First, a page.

Monday, July 30, 2007

faith and obedience

Is there saving faith apart from obedience? This has been debated among evangelicals, but I think it is safe to say that none of the Reformers nor the great Church before that made such a distinction. Luther and the Reformers did want to be sure that it was Christ's righteousness alone that was imputed/judicially given to the sinner who put their faith in Jesus (the Anabaptists with Menno Simons, etc., had trouble with the teaching of imputed righteousness, so differed). But faith was at least evidenced by good works in obedience to God, and the two in a sense were linked together.

I really don't like the teaching "once saved always saved" because though it does not necessarily lend itself to a separtation of faith and obedience, too often I'm afraid, it does. For me in this post it's beside the point whether "once saved always saved" is actually true. All I want to insist on is that while faith on the part of the sinner comes from God's grace, for that faith to be proved real there must follow obedience.

Bonhoeffer in The Cost of Discipleship likens this to our Lord's call to Peter to come out to him on the water. Peter, to really have faith in this word from the Lord must step out in faith. Otherwise he could say what he will, but there would be no faith in that word if there was no obedience. We see this in other calls of Jesus to others, such as in the case of the rich young ruler. In that case, of course, there was no obedience therefore there was no faith.

If I'm struggling in defeat in my life, then I have to step back and look at what's going on and ask if I really do have faith. Faith involves following Jesus, so this involves obedience to the word of Jesus no matter how difficult or impossible that call may come across to us, and of course apart from the grace of God in Christ such a command is impossible for us to obey. This amounts to the death of our old selves and of course that is never comfortable in itself. But from that comes the new life and finding our true self in Jesus. And this is a reality for us only as we really seek to live it out, our one concern to follow Christ in complete obedience.

I'm working on this and I want to do so in fellowship with other followers, but I must be sure that I'm meeting the issues in my own life as I seek to live this out with others.

What stands in the way in our lives to this simplicity of obedience to God's word in Christ? Is this thinking making faith a work? Are faith and works distinguishable in one crucial way, yet inseparable in another crucial way?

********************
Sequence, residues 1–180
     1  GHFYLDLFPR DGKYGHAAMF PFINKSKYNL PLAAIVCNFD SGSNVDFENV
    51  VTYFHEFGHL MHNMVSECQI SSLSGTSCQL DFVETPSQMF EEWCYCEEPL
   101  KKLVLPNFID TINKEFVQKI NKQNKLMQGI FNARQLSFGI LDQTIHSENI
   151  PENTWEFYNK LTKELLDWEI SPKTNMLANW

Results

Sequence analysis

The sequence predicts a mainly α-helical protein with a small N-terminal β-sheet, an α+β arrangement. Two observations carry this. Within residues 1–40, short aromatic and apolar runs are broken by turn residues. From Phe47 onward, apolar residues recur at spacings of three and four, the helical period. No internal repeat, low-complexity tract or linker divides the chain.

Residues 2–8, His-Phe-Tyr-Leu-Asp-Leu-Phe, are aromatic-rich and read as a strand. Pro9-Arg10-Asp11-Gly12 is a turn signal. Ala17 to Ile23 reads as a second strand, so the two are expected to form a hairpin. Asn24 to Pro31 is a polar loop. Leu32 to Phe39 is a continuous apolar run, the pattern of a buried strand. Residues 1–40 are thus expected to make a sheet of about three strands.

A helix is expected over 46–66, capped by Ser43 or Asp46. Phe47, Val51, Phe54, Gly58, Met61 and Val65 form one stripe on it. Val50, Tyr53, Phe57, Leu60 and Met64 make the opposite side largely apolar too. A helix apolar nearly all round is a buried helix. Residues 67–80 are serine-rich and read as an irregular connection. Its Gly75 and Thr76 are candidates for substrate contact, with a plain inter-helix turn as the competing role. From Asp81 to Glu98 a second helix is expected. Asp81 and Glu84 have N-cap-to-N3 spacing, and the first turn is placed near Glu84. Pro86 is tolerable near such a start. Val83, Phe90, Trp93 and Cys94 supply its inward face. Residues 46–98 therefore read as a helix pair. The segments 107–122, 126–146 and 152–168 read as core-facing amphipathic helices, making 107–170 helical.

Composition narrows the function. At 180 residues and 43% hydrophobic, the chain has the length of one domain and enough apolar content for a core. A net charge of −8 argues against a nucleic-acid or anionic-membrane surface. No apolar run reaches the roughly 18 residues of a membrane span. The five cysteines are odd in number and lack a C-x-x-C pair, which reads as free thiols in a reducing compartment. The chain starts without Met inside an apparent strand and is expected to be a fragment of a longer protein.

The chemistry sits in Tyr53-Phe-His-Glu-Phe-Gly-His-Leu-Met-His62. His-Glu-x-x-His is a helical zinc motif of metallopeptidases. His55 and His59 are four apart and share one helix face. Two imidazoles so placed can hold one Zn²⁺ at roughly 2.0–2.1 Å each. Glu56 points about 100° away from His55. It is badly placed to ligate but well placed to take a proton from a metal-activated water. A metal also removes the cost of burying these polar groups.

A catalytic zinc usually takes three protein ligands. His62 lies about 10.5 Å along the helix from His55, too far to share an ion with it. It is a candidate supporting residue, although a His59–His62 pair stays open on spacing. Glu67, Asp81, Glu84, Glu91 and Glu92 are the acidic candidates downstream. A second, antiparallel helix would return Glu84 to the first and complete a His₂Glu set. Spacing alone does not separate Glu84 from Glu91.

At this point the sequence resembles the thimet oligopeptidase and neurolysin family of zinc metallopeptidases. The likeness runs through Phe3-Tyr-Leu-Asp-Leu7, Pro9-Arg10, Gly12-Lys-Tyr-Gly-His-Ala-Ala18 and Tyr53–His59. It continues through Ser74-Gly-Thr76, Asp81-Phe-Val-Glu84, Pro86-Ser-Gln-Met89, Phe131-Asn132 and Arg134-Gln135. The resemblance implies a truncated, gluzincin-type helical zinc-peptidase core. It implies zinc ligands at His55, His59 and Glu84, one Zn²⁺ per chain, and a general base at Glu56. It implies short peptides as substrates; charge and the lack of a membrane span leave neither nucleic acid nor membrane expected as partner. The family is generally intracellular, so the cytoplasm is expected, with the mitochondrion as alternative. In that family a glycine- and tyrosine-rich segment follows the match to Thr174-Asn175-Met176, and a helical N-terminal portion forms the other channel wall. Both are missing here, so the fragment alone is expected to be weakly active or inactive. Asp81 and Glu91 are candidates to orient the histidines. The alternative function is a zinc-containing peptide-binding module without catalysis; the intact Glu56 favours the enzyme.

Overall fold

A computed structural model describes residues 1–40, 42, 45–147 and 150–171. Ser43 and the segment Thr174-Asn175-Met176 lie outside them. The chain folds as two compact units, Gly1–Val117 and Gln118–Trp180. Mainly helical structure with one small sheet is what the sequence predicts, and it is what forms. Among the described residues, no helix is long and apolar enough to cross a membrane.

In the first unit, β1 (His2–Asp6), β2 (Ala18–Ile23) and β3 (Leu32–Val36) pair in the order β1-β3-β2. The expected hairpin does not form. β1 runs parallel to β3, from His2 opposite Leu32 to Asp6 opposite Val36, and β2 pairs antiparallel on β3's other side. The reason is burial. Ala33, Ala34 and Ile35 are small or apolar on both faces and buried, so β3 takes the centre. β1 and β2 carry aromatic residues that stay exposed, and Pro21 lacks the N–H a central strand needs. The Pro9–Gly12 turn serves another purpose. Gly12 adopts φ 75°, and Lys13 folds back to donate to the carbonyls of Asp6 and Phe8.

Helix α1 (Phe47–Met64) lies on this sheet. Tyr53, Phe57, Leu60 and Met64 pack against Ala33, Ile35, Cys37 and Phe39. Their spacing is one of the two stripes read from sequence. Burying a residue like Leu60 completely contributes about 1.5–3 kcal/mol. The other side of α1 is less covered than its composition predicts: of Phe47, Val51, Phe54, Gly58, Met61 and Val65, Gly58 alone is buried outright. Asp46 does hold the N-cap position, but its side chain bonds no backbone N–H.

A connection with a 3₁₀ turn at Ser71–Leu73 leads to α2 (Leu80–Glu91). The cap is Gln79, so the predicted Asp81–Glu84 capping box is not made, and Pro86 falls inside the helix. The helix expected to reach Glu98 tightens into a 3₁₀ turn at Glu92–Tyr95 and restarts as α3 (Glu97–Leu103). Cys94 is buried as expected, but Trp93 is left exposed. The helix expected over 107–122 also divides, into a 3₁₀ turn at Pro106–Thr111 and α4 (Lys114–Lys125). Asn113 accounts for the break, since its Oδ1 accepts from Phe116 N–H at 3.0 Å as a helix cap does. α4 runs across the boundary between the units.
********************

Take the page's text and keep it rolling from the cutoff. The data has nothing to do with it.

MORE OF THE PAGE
10 comments:

NaNcY said...

can we listen to God while we talk to ourselves?

Ted Gossard said...

Nancy,

That's a good question. It reminds me of the psalms in which the psalmist is talking to himself, but words that are inspired as we know. This kind of talk surely does facilitate hearing God or sensing God's voice in our lives. I like to be in the psalms and do so daily (especially on weekdays, though I need to keep this going on weekends).

Ted Gossard said...

Examples of that in the psalms are like when the psalmist addresses his soul, or himself in Psalms 42 and 43.

Every Square Inch said...

There's no saving faith apart from obedience...but there's no saving obedience either.

Ted Gossard said...

ESI, I think you're absolutely right if you mean that there's no merit in our act of obedience. But I'll think more on this, have to run....

Ted Gossard said...

ESI, Faith is not just intellectual assent, but is submissive if it is saving faith. The submissive act of obedience is an act of the faith that saves. But it's the faith that one ventures to throw their entire lives on, or at least committing themselves to God.

The man with the withered hand had to stretch it forth before Jesus healed him. There was an act there necessary for the faith to be real.

Ted Gossard said...

submission and trust as well as believing.

Ted Gossard said...

That's where I'd come down. Have to run again....

Every Square Inch said...

Ted,

Where are you running to? ;-)

My comment wasn't that profound - I just meant that I agree that saving faith results in obedience but that obedience doesn't provide any merit toward salvation

Ted Gossard said...

ESI, Running from work to home, then from home to Tiffany's schooling and back. Fun.